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Characterization of Novel StAR (Steroidogenic Acute Regulatory Protein) Mutations Causing Non-Classic Lipoid Adrenal Hyperplasia

  • Christa E. Flück ,

    Affiliation Pediatric Endocrinology and Diabetology, University Children's Hospital Bern, Bern, Switzerland

  • Amit V. Pandey,

    Affiliation Pediatric Endocrinology and Diabetology, University Children's Hospital Bern, Bern, Switzerland

  • Bernhard Dick,

    Affiliation Department of Nephrology and Hypertension, Inselspital, University of Bern, Bern, Switzerland

  • Núria Camats,

    Affiliation Department of Pediatrics, Institut de Recerca, Hospital Vall d'Hebron, Centre for Biomedical Research on Rare Diseases (CIBERER), Autonomous University, Barcelona, Spain

  • Mónica Fernández-Cancio,

    Affiliation Department of Pediatrics, Institut de Recerca, Hospital Vall d'Hebron, Centre for Biomedical Research on Rare Diseases (CIBERER), Autonomous University, Barcelona, Spain

  • María Clemente,

    Affiliation Department of Pediatrics, Institut de Recerca, Hospital Vall d'Hebron, Centre for Biomedical Research on Rare Diseases (CIBERER), Autonomous University, Barcelona, Spain

  • Miquel Gussinyé,

    Affiliation Department of Pediatrics, Institut de Recerca, Hospital Vall d'Hebron, Centre for Biomedical Research on Rare Diseases (CIBERER), Autonomous University, Barcelona, Spain

  • Antonio Carrascosa,

    Affiliation Department of Pediatrics, Institut de Recerca, Hospital Vall d'Hebron, Centre for Biomedical Research on Rare Diseases (CIBERER), Autonomous University, Barcelona, Spain

  • Primus E. Mullis,

    Affiliation Pediatric Endocrinology and Diabetology, University Children's Hospital Bern, Bern, Switzerland

  • Laura Audi

    Affiliation Department of Pediatrics, Institut de Recerca, Hospital Vall d'Hebron, Centre for Biomedical Research on Rare Diseases (CIBERER), Autonomous University, Barcelona, Spain



Steroidogenic acute regulatory protein (StAR) is crucial for transport of cholesterol to mitochondria where biosynthesis of steroids is initiated. Loss of StAR function causes lipoid congenital adrenal hyperplasia (LCAH).


StAR gene mutations causing partial loss of function manifest atypical and may be mistaken as familial glucocorticoid deficiency. Only a few mutations have been reported.


To report clinical, biochemical, genetic, protein structure and functional data on two novel StAR mutations, and to compare them with published literature.


Collaboration between the University Children's Hospital Bern, Switzerland, and the CIBERER, Hospital Vall d'Hebron, Autonomous University, Barcelona, Spain.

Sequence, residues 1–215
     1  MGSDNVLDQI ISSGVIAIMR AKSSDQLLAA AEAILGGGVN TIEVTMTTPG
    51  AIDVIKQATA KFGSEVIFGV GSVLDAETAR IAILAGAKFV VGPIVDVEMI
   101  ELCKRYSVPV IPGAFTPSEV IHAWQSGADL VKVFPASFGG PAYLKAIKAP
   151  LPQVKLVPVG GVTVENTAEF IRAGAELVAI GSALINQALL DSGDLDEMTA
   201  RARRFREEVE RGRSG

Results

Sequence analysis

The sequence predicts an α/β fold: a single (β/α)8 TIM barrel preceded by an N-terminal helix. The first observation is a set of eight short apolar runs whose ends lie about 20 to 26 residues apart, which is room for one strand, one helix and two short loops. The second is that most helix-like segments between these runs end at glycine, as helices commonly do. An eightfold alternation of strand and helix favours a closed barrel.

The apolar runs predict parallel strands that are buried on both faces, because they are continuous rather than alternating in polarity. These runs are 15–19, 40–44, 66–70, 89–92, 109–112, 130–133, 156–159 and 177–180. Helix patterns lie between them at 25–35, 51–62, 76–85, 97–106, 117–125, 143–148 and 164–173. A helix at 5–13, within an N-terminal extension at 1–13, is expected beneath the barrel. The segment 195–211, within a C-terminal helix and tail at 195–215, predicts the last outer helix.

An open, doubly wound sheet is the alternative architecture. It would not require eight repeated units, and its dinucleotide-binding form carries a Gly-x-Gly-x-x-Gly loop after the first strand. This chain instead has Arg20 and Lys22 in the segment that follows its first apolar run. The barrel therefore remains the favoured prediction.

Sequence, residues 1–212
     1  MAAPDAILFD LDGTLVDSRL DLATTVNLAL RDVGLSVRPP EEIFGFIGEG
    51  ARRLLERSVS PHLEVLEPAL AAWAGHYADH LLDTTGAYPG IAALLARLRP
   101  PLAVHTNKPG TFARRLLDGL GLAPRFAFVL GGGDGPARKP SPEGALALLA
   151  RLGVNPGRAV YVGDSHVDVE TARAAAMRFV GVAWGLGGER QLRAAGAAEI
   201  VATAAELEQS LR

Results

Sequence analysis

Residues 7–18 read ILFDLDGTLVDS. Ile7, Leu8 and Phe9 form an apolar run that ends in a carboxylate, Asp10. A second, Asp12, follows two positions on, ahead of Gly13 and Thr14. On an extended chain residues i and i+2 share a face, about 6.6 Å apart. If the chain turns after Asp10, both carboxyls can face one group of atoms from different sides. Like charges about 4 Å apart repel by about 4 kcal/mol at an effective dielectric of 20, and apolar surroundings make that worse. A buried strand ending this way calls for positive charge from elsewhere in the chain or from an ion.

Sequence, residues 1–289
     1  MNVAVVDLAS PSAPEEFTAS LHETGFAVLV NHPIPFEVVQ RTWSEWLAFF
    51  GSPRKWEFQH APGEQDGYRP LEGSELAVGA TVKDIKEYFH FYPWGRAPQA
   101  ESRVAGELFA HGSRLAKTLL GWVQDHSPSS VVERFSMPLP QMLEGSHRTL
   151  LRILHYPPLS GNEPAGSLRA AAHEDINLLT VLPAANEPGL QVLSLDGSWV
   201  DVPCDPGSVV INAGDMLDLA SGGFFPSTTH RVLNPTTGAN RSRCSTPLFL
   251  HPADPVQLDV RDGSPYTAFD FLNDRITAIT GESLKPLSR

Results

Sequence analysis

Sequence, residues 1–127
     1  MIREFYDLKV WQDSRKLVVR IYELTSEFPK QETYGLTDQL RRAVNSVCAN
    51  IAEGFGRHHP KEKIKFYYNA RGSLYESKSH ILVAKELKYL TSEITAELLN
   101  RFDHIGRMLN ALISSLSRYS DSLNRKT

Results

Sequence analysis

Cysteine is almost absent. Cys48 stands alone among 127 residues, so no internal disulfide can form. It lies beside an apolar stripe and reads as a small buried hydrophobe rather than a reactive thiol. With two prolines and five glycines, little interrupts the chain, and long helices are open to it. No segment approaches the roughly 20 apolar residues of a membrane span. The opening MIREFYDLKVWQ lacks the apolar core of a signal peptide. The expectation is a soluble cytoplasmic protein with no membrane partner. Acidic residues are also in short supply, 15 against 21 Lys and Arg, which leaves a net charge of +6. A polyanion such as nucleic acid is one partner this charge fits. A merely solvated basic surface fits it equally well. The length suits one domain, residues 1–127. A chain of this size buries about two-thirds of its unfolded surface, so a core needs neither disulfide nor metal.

Two subjects of a non-consanguineous Caucasian family were studied. The 46,XX phenotypic normal female was diagnosed with adrenal insufficiency at the age of 10 months, had normal pubertal development and still has no signs of hypergonodatropic hypogonadism at 32 years of age. Her 46,XY brother was born with normal male external genitalia and was diagnosed with adrenal insufficiency at 14 months. Puberty was normal and no signs of hypergonadotropic hypogonadism are present at 29 years of age.


StAR gene analysis revealed two novel compound heterozygote mutations T44HfsX3 and G221S. T44HfsX3 is a loss-of-function StAR mutation. G221S retains partial activity (∼30%) and is therefore responsible for a milder, non-classic phenotype. G221S is located in the cholesterol binding pocket and seems to alter binding/release of cholesterol.


StAR mutations located in the cholesterol binding pocket (V187M, R188C, R192C, G221D/S) seem to cause non-classic lipoid CAH. Accuracy of genotype-phenotype prediction by in vitro testing may vary with the assays employed.


Mutations in the StAR gene were first described in patients with classic congenital lipoid adrenal hyperplasia (CLAH) in which both the adrenals and the gonads seemed to completely lack steroidogenesis [1]. The underlying pathophysiology of CLAH is explained by the defective transport of cholesterol needed for the biosynthesis of steroids, to the inner mitochondrial membrane, and the cytoplasmic accumulation of lipid droplets which would fatally harm the cells of the steroidogenic tissues over time [2]. So far, patients described as having the recently described non-classic form of lipoid adrenal hyperplasia (NCLAH) presented with adrenal insufficiency in early infancy or later and, while manifesting with hypocortisolism, had inconsistent signs of mineralocorticoid deficiency [3], [4], [5], thus resembling the clinical profile of familial glucocorticoid deficiency (FGD). FGD has been described as a syndrome secondary to ACTH resistance, and inactivating mutations in the gene encoding melanocortin type 2 receptor (MC2R) were the first to be associated with FGD [6]. However, only ∼25% of such patients were found to be the carriers of MC2R mutations and have been classified as type 1 FGD [7]. A second genetic cause of FGD was identified in 15–20% of patients resulting from defects in the MC2R receptor accessory protein (MRAP) (FGD type 2) [7], [8]. In the remaining 55% of patients with a FGD syndrome, no mutations in either MC2R or MRAP genes were found. Large family association studies delimited a region on chromosome 8q12.1–q21.2 that was associated with the FGD syndrome in several families (FGD type 3) [9]. The StAR gene maps to the gene locus 8p11.2 and has been identified only recently as causing non-classic lipoid adrenal hyperplasia in a first series of patients in 5 families [4]. In contrast to CLAH which leads to a complete undervirilization/feminization of the external genitalia in 46,XY subjects at birth, most 46,XY patients with the NCLAH seem to have a normal gonadal function during their fetal life and therefore have normal male genitalia at birth or show only minimal anomalies such as cryptorchidism or hypospadias [3], [4], [5]. However, some patients that were followed to adulthood showed a progressive decline in the gonadal functions over time, as demonstrated by decreasing plasma testosterone, high gonadotropins and abnormal spermiogram [4].